A Little More Each Day

One working mama learning to run & to maintain my 100+ pound weight loss!

Weight Loss Wednesday: Passing healthy food habits on to O

on February 4, 2015

Last week, I got to speak with Oliver’s teachers about kids and healthy eating habits as an extension of my role on the school’s Food Board (more about that here). Helping Oliver learn to have a healthier lifestyle was a huge part of my motivation to lose weight and start to exercise a couple of years ago. Surprisingly, he’s also been really helpful in sticking with it for all of this time. Having little eyes watching and that little voice asking questions about what we’re eating or doing and why is an amazingly effective accountability tool.

Some of the strategies we’re using with him that are also helpful for me in maintenance include:

Grocery shopping together. Letting him help as we work our way through the produce section may take more time, but it gets him more excited about eating fruits and veggies and keeps me from getting in too much of a rut. You can never predict what a three year old will want to try, after all. 🙂 It’s helped me find new foods I liked and learn to cook new foods, along with getting him engaged in the process. Does he love everything he picks out? No, but he at least tastes it and that’s a big victory.

I'm more likely to work on keeping him from grabbing and eating produce in the grocery store, than fighting over candy bars in the check out line, which is just a fantastic problem to have!

I’m more likely to work on keeping him from grabbing and eating produce in the grocery store, than fighting over candy bars in the check out line, which is just a fantastic problem to have!

Cooking together. Like shopping together, it really gets him involved and invested in the cooking process and usually more likely to eat the new thing we’re preparing. Of course, this really works best at home, which means we’re eating more at home and less in restaurants. That’s usually a healthier choice for all of us.

This isn't the healthiest family cooking photo, but I love it all the same. He's not nearly as compulsive about the number and colors of M&Ms per cookie as I am. :)

This isn’t the healthiest family cooking photo, but I love it all the same. He’s not nearly as compulsive about the number and colors of M&Ms per cookie as I am. 🙂

Talking to him about what a healthy plate looks like. He really likes the “Choose My Plate” graphic they have at school from the USDA (see their link here) and talking through what we have on our plates and why reinforces those healthy choices for me too. Keeping healthy choices and the benefits of those choices in mind helps keep me from sliding too far into bad habits. Some days I need to be reminded that candy is a “sometime” food just like he does. 🙂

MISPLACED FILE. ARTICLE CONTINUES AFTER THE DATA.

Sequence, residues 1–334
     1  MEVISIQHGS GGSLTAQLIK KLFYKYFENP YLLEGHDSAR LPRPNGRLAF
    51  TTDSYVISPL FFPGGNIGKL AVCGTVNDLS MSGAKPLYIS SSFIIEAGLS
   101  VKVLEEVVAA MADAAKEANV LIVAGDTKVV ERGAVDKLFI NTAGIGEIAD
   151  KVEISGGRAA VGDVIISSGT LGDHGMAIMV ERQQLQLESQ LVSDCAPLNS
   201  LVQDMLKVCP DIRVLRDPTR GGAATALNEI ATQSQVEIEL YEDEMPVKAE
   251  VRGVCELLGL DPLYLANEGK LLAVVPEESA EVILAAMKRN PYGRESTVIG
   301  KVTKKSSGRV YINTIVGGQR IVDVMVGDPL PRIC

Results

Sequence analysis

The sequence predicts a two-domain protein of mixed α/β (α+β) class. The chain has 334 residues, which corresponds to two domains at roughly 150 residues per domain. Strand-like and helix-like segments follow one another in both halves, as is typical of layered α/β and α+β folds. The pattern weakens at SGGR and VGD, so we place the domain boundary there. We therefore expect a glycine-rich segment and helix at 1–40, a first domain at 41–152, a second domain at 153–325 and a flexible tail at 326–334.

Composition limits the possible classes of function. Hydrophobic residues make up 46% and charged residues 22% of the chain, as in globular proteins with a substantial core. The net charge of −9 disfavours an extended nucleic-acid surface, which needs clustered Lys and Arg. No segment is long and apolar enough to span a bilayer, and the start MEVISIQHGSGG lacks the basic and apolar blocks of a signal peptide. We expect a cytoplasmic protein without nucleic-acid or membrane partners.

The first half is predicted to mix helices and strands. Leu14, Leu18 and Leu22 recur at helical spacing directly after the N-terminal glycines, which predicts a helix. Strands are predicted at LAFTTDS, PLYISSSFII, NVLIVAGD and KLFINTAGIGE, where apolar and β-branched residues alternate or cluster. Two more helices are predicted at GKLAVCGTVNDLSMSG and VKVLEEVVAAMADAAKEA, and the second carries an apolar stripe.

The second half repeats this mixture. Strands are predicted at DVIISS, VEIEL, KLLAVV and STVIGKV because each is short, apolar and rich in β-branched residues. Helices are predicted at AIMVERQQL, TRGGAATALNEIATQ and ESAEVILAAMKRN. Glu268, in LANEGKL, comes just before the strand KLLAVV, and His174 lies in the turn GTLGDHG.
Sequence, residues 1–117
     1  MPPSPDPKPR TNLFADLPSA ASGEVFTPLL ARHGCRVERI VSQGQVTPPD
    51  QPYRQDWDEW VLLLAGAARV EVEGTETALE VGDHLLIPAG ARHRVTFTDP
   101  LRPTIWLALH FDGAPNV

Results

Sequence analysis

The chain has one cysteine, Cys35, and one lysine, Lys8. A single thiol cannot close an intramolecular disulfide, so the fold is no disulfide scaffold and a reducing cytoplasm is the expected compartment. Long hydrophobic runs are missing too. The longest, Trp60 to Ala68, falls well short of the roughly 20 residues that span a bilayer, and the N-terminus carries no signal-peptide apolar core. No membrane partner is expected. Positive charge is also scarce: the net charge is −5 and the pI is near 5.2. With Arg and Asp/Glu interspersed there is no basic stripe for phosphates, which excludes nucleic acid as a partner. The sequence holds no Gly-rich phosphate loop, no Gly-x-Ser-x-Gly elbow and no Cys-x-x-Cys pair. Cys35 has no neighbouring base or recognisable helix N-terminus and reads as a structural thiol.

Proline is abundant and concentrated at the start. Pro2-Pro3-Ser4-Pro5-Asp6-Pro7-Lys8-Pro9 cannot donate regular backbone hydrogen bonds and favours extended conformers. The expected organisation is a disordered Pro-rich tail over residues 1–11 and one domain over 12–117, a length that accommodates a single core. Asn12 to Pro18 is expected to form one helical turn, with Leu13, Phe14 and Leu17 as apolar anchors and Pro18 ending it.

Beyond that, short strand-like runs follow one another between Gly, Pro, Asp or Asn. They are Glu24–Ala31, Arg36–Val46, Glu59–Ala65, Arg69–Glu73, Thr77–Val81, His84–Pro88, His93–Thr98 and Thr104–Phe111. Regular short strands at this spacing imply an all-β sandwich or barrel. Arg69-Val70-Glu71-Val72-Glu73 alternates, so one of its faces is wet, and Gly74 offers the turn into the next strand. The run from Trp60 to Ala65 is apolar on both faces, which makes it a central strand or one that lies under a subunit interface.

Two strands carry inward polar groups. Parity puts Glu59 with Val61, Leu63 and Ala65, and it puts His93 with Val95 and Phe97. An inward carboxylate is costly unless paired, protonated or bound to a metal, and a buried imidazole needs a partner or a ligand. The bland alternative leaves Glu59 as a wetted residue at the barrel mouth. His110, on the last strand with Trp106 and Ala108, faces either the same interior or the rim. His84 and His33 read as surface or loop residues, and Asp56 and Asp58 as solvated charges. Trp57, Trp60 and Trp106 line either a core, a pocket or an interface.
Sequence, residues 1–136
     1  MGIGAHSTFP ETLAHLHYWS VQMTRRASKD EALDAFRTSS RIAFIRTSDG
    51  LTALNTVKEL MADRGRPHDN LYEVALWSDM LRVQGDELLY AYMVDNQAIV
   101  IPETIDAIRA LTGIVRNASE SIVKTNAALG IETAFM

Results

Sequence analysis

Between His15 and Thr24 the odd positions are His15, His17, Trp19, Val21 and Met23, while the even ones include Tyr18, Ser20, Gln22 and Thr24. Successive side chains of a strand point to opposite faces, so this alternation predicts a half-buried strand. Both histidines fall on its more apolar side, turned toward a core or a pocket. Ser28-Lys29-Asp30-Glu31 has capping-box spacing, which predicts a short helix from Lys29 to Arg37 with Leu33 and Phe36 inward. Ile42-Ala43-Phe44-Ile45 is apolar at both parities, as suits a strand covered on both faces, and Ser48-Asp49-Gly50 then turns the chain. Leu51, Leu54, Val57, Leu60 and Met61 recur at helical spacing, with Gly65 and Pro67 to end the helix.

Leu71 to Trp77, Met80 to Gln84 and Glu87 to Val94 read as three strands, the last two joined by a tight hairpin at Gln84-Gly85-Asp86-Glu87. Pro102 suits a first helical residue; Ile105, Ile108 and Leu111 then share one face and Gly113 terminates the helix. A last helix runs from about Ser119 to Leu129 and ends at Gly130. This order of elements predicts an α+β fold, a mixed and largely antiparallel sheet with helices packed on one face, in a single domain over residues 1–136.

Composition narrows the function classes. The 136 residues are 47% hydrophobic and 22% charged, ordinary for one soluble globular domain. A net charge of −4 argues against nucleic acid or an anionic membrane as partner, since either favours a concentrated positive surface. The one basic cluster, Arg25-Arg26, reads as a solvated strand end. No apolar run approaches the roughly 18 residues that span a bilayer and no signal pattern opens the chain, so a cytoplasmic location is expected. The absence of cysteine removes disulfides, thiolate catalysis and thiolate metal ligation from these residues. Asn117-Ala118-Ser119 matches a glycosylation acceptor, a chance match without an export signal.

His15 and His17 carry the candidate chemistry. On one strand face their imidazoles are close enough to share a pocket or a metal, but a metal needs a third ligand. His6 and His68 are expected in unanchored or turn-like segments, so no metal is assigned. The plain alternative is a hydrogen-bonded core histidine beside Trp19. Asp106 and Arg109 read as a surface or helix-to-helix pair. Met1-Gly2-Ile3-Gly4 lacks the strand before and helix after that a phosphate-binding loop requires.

Keep portions small to recognize fullness cues. Kids are naturally very good at managing energy density in their diet. They eat as much as they need throughout the day. Any parent of a toddler will tell you that sometimes that means eating a linebacker’s breakfast and nothing for the rest of the day, but over time it evens out for most kids. We actually teach to them override that and eat when they aren’t hungry, with “one more bite” and “clean your plate” and huge servings of things. I’ve clearly already unlearned my natural portion control, but I need to work on it and at the same time reinforce that ability Oliver naturally has. Smaller portions for all of us is a good thing.

Food isn’t a fight. I struggle with this as a parent and as a weight loss maintainer. We shouldn’t be fighting with ourselves or our kids over food. It gives food entirely too much emotional power over ourselves (I know so many people who’ve lost or are losing weight that see food as the enemy) and over our kids. Sometimes we need to take a deep breath and let it go. And no, I am not good at that yet, for O or for me, but I promise I’m working on it. 🙂

What healthy lessons are you working on with your kids? What healthy food tips have you learned from them?

Resources for more information if you’re interested:

Choose My Plate (USDA) here

EatRight.org (Academy of Nutrition and Dietetics) here

WebMD Nutrition for Preschoolers here

HealthyChildren.org (American Academy of Pediatrics) here

Advertisements

Leave a Reply

Fill in your details below or click an icon to log in:

WordPress.com Logo

You are commenting using your WordPress.com account. Log Out / Change )

Twitter picture

You are commenting using your Twitter account. Log Out / Change )

Facebook photo

You are commenting using your Facebook account. Log Out / Change )

Google+ photo

You are commenting using your Google+ account. Log Out / Change )

Connecting to %s

%d bloggers like this: